While we expect all of our electronic empire to have a long life; there might be valid use-cases when the electronic components should destruct themselves. For example, a medical device may dissolve harmlessly within the body of the human after doing its job or a spy-device may destruct itself after relaying all the data it's supposed to gather. Reza Montazami, professor of mechanical engineer at the Iowa State University has thought of a new kind of electronics that can melt or dissolve itself leaving no trace of its existence. Montazami is already on its way to developing the necessary materials and technology to make this happen. He recently demonstrated a degradable antenna that can collect and transmit data and destruct on its own in water.
Montazami and his team of researchers have succeeded in developing a new type of degradable polymer composite material that allows them to achieve kind of electronics they're planning to develop. The team calls the technology "transient electronics" and say that it's a very new type of domain of study. The transient electronics can bring a revolution in the medical and military domains, the team believes.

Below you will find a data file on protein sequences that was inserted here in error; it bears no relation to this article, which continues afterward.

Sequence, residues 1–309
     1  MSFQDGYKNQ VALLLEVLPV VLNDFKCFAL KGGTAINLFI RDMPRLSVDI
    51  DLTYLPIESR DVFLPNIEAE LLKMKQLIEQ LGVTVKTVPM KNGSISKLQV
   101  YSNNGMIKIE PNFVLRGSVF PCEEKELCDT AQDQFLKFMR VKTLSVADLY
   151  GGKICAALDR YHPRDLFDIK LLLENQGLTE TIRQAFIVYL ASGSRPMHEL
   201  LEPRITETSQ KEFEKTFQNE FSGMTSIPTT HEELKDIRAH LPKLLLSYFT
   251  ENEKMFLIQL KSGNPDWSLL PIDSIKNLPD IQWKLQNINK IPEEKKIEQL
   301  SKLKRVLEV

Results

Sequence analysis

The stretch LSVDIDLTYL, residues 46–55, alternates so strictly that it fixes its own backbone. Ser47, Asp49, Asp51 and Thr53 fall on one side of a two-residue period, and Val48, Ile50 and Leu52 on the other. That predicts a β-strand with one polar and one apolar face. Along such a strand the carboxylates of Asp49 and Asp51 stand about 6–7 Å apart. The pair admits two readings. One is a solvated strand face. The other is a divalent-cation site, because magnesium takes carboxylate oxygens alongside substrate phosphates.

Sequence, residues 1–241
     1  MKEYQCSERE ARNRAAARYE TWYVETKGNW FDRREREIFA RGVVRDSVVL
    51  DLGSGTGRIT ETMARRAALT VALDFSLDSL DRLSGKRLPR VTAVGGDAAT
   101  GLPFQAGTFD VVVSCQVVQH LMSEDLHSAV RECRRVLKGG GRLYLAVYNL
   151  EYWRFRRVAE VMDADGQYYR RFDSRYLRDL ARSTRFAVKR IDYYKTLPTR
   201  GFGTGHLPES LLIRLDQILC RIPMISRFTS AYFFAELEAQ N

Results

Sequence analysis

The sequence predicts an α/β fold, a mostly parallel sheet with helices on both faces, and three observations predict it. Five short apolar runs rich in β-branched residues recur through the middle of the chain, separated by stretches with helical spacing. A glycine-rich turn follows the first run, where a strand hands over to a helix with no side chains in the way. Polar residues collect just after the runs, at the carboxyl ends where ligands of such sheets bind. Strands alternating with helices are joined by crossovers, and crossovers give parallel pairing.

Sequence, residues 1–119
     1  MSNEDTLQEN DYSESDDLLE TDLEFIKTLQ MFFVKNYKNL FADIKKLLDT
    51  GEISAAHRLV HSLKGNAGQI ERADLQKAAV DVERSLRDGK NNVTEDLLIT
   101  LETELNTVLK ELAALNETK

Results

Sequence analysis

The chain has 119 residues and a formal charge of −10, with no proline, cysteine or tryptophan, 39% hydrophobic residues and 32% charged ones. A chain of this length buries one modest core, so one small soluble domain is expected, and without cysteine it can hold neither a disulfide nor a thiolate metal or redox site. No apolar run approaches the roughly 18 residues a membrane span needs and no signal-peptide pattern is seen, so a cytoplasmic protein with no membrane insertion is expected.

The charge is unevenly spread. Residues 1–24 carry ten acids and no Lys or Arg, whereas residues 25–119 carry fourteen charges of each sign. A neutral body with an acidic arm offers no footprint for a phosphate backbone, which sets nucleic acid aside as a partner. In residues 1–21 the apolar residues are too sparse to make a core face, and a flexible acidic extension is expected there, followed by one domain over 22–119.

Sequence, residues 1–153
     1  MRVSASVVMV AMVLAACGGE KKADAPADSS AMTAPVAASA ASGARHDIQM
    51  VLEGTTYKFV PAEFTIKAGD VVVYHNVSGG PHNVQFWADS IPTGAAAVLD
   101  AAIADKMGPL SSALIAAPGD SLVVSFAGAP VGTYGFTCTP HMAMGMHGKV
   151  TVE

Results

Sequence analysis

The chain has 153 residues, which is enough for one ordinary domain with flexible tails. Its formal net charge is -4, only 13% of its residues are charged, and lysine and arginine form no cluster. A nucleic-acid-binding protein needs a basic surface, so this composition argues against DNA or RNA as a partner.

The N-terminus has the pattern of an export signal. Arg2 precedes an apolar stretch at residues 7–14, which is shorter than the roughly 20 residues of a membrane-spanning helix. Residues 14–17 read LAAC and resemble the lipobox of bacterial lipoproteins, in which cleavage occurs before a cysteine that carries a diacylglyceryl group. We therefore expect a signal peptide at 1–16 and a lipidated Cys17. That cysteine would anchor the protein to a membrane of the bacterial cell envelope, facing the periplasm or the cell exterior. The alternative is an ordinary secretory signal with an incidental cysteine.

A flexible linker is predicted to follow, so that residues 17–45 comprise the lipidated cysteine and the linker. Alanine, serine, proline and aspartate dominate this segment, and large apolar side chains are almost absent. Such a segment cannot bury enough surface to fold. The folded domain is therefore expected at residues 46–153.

Prof. Montazami Shows Degradable Antenna. Photo Credit: Bob Elbert
Showcasing their progress, Montazami demonstrated a blue LED mounted on a clear polymer composite base. With its electrodes embedded inside the base; the setup functions like a regular LED. The magic begins when a drop of water is added. The wiring begins to melt and the light goes out in a matter of few seconds. The second drop of water dissolves whatever is left out. The team has succeeded in developing transient capacitors and resistors as well.
The uses of transient electronics could be varied. For example, if you lose your credit card with the transient electronic chip; you could simply send a signal to it to self-destruct. The technology can also be used in determining the freshness of the food items with sensors degrading over a period of time or at certain environmental parameters.
Check out further information on the official source below.
Source: Iowa State University